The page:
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Occurrence of anti-D alloantibodies among pregnant women in Kasese District, Western Uganda

Authors Mbalibulha Y, Muwanguzi E, Mugyenyi G, Natukunda B

Received 15 January 2015

Accepted for publication 17 February 2015

Published 17 April 2015 Volume 2015:6 Pages 125—129


Checked for plagiarism Yes

Review by Single-blind

Peer reviewer comments 2

Editor who approved publication: Dr Martin Bluth

Video abstract presented by Yona Mbalibulha.

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Yona Mbalibulha,1 Enoch Muwanguzi,1 Godfrey R Mugyenyi,2 Bernard Natukunda1

1Department of Medical Laboratory Sciences, 2Department of Obstetrics and Gynecology, Faculty of Medicine, Mbarara University of Science and Technology, Mbarara, Uganda

Objectives: This study was undertaken to determine the distribution of ABO/RhD (rhesus D antigen) blood phenotypes, prevalence of anti-D alloantibodies, and the risk factors for alloimmunization among pregnant women in Kasese District, Western Uganda.
Materials and methods: Ethylenediamine tetraacetic acid-containing plasma samples and serum samples were taken from pregnant women attending the antenatal clinic. The blood groups were identified using the microplate grouping method, while the presence of anti-D alloantibodies was detected by the indirect antiglobulin test (IAT). Data were also collected from the pregnant women on the risk factors associated with anti-D alloantibody formation.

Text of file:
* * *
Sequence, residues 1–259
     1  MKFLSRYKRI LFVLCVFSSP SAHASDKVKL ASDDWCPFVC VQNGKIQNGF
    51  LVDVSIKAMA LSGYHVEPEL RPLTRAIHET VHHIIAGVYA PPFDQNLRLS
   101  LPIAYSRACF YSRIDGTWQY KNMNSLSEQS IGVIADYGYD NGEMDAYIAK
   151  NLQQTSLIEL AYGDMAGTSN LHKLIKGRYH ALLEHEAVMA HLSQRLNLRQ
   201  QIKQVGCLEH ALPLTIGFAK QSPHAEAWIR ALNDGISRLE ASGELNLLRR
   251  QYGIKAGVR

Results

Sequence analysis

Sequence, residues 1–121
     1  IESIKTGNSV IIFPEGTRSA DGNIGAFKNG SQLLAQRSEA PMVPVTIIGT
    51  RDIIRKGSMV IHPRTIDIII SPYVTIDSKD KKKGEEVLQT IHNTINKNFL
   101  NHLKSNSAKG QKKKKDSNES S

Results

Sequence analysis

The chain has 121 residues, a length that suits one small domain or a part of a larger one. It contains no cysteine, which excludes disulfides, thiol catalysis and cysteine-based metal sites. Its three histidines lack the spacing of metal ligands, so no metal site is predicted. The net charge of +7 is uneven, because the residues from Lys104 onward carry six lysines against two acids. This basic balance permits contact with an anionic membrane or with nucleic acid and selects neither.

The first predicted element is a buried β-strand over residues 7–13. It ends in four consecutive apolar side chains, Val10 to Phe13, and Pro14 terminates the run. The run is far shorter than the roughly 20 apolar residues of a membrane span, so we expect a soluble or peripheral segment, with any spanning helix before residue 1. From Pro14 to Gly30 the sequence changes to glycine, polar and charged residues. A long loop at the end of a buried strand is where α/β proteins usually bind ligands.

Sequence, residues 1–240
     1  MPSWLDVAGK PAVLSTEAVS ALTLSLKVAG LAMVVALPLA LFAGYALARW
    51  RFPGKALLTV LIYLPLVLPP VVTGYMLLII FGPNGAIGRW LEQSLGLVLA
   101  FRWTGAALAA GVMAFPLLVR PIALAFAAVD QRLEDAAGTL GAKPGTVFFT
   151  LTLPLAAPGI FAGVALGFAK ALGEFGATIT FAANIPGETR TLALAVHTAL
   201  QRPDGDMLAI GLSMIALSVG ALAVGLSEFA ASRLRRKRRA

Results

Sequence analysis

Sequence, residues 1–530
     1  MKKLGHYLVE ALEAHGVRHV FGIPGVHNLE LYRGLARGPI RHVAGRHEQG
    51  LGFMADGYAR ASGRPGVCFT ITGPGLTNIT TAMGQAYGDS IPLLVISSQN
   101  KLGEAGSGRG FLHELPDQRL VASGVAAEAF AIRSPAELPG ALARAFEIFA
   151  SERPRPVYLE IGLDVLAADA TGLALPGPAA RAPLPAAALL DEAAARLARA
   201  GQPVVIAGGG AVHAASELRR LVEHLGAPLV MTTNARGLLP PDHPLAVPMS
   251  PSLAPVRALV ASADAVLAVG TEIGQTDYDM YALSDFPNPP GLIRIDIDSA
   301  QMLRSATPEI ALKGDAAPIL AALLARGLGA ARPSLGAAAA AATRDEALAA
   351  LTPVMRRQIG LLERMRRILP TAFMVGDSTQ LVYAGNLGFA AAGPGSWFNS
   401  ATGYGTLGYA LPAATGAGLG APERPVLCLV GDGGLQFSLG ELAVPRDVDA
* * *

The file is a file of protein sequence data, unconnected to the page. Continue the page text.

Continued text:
Results: Among the 726 participants, the blood group distribution was as follows: O: 356 (49.%); A: 190 (26.%); B: 152 (21%); and AB: 28 (4%). A total of 28 (3.86%) pregnant women were RhD negative. Anti-D alloantibodies were detected in 88 (12.1%) of the participants; and of these, 13 (14.8%) were RhD negative. Statistically significant risk factors for anti-D alloimmunization included miscarriage, stillbirth, and postpartum hemorrhage.
Conclusion: Blood group O was the most common among the pregnant women in this study and the prevalence of Rh negativity was 3.8%. The frequency of anti-D alloimmunization among pregnant women in Kasese District was 12.12%, with 85.5% of these being RhD positive. Risk factors such as a history of stillbirths, miscarriages, and incidence of postpartum hemorrhage were significantly associated with anti-D alloimmunization. There is a need to routinely carry out antenatal blood grouping and IAT screening on pregnant women in Uganda to detect anti-D alloimmunization. Given the high prevalence of anti-D alloantibody formation among RhD-positive women, we recommend additional research studies on the role of autoimmunity among antigen-positive women, as well as the occurrence of RhD variants plus their implications on hemolytic disease of the fetus and newborn, in Uganda.

Keywords: ABO/RhD blood groups, anti-D alloimmunization, indirect antiglobulin test, pregnant women, Western Uganda

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